Press release: www.ftc.gov/opa/2007/02/authentication.htm
REBATE DEBATE. The FTC will host a workshop April 27 in San Francisco, California, to discuss issues surrounding the use of mail-in rebates. The workshop will gather representatives from consumer groups, industry, academia, and government to debate the costs and benefits of rebates from all perspectives and to explore "best practices" in rebate offers and fulfillment. The workshop, which is free and open to the public, will be held at the downtown campus of San Francisco State University, starting at 9:00 a.m. For further information about the workshop, visit www.ftc.gov/bcp/workshops/rebatedebate/index
Press release: www.ftc.gov/opa/2007/01/rebate.htm
DEBT COLLECTION PRACTICES. The FTC will host a workshop October 10 and 11 to examine how changes in the debt collection industry have affected consumers and businesses. The event will bring together consumer advocates, industry representatives, state and federal regulators, and market authorities to discuss the effects of technology and economic trends on how consumer debts are collected and the extent to which the law has kept pace with developments during the past 30 years. The workshop is free and open to the public; it will be held at the FTC’s Conference Center, 601 New Jersey Avenue, NW, Washington, DC.
Press release: www.ftc.gov/opa/2007/03/fdcpawkshop.htm
COMPETITION COUNTS. Primer on the FTC's antitrust mission and how the work of the Bureau of Competition benefits consumers. 5.75"x 8.75", 8 pages, color. www.ftc.gov/bc/edu/pubs/consumer/general/zgen01.htm
A laptop computer defines convenience and mobility. It enables you to work from home, a hotel room, a conference hall, or a coffee shop. But even if you’ve taken steps to secure the data on your laptop, what about the laptop itself? A minor distraction is all it takes for your laptop to vanish. If it does and your data protections aren’t up to par, that sensitive and valuable information in your laptop may be a magnet for an identity thief. OnGuardOnline.gov, a website managed by the federal government that is devoted to computer security, protecting personal information, and guarding against Internet fraud, suggests keeping these tips in mind when you take your laptop out and about:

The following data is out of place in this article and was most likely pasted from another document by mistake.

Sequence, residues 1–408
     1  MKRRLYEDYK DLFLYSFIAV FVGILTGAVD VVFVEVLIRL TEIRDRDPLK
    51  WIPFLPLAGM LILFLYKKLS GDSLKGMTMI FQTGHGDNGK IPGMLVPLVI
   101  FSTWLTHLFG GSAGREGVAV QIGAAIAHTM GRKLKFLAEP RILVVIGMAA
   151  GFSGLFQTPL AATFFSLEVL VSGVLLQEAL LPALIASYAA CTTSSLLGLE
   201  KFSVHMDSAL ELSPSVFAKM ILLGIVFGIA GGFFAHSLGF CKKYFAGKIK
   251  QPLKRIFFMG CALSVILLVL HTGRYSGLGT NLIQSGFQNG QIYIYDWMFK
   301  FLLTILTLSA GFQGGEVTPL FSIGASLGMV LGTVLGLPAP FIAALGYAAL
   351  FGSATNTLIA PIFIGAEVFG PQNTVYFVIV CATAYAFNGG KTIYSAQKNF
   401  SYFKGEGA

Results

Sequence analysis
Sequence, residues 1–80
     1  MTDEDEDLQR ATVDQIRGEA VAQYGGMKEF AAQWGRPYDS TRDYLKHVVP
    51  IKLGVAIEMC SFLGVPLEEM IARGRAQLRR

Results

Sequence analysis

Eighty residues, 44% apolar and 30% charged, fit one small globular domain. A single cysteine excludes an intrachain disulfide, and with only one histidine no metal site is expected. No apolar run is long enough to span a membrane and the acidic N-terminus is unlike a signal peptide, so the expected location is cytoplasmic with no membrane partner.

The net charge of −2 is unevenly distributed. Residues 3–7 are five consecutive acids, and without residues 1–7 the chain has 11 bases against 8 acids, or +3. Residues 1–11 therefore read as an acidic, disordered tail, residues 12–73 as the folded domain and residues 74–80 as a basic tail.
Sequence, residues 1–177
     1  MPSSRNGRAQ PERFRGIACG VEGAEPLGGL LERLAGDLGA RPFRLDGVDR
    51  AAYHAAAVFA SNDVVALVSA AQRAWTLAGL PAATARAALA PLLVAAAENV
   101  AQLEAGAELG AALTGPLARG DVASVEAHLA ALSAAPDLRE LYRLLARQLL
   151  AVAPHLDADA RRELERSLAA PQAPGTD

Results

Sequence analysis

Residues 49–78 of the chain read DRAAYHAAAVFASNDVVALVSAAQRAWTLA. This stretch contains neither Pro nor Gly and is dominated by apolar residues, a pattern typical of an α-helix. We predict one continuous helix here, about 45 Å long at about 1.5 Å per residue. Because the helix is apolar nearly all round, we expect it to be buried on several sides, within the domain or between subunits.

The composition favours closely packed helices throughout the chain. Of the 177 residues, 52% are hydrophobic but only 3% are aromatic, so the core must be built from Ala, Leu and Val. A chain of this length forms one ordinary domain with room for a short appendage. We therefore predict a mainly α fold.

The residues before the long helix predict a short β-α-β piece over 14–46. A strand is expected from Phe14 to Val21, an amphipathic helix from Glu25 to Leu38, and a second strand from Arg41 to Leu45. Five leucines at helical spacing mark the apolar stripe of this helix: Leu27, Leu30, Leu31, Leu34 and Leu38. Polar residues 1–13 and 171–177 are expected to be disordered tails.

1. Treat your laptop like cash. Would you leave a wad of money sitting out in a public place, or would you turn your back on it — even for just a minute? Would you put it in checked luggage or on the backseat of your car?
2. Keep it locked. Whether you’re using your laptop in the office, a hotel, or some other public place, use a laptop security cable: attach it to something immovable or to a heavy piece of furniture that’s difficult to move — say, a table or a desk.
3. Keep it off the floor, no matter where you are in public — at a conference, a coffee shop, or a registration desk. If you must put it down, place it between your feet or at least up against your leg, so that you’re aware of it.
4. Keep your passwords elsewhere. Leaving your passwords or access numbers either in a laptop carrying case or on your laptop is like leaving the keys in your car.
For more tips on protecting your laptop, go to www.ftc.gov/bcp/edu/pubs/consumer/tech/tec03.htm.
FTC'S OFFICE OF CONGRESSIONAL RELATIONS: 202-326-2195.